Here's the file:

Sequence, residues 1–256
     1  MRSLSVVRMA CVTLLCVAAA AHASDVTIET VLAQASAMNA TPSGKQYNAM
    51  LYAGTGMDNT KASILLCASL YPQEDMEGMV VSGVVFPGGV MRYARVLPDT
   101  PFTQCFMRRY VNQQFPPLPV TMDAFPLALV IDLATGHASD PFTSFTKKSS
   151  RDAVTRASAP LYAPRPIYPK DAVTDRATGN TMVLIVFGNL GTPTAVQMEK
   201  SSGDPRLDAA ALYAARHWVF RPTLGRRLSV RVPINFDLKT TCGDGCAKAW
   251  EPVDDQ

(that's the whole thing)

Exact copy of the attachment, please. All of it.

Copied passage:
Sequence, residues 1–256
     1  MRSLSVVRMA CVTLLCVAAA AHASDVTIET VLAQASAMNA TPSGKQYNAM
    51  LYAGTGMDNT KASILLCASL YPQEDMEGMV VSGVVFPGGV MRYARVLPDT
   101  PFTQCFMRRY VNQQFPPLPV TMDAFPLALV IDLATGHASD PFTSFTKKSS
   151  RDAVTRASAP LYAPRPIYPK DAVTDRATGN TMVLIVFGNL GTPTAVQMEK
   201  SSGDPRLDAA ALYAARHWVF RPTLGRRLSV RVPINFDLKT TCGDGCAKAW
   251  EPVDDQ